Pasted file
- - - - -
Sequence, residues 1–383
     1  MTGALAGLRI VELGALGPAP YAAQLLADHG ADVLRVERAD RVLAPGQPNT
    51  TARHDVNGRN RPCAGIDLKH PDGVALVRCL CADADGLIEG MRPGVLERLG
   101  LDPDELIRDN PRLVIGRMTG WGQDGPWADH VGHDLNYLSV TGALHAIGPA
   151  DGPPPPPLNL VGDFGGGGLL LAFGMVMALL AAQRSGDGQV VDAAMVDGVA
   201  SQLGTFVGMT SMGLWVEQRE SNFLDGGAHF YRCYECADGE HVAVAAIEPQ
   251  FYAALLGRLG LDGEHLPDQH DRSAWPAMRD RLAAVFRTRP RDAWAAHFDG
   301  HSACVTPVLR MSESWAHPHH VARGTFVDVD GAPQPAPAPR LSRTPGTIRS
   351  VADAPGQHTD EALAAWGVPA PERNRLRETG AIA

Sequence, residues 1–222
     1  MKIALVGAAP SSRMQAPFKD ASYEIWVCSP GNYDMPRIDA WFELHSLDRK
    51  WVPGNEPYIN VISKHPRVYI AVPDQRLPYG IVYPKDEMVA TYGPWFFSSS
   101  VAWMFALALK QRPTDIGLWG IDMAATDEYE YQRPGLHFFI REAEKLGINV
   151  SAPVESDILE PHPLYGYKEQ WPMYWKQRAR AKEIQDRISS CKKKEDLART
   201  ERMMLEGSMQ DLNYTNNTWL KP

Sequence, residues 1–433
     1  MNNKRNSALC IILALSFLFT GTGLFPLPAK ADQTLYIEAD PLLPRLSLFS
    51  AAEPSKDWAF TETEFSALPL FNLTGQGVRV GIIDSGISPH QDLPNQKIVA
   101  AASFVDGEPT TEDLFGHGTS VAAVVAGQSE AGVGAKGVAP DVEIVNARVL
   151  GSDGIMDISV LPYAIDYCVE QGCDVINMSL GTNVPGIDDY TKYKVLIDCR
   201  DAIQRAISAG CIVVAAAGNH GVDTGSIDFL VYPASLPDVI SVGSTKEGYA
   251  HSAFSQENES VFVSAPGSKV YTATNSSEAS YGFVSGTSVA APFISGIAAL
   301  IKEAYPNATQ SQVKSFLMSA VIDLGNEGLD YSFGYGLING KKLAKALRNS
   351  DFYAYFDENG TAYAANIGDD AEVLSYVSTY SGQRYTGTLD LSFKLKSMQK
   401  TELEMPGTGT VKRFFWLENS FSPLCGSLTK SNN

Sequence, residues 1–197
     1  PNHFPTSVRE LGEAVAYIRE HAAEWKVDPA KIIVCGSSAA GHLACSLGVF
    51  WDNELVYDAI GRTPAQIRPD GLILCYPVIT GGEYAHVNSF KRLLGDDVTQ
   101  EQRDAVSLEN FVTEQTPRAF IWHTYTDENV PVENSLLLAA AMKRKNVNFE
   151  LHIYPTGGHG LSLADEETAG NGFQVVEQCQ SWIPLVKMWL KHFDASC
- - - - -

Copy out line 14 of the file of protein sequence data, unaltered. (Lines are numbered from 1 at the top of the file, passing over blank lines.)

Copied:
   151  SAPVESDILE PHPLYGYKEQ WPMYWKQRAR AKEIQDRISS CKKKEDLART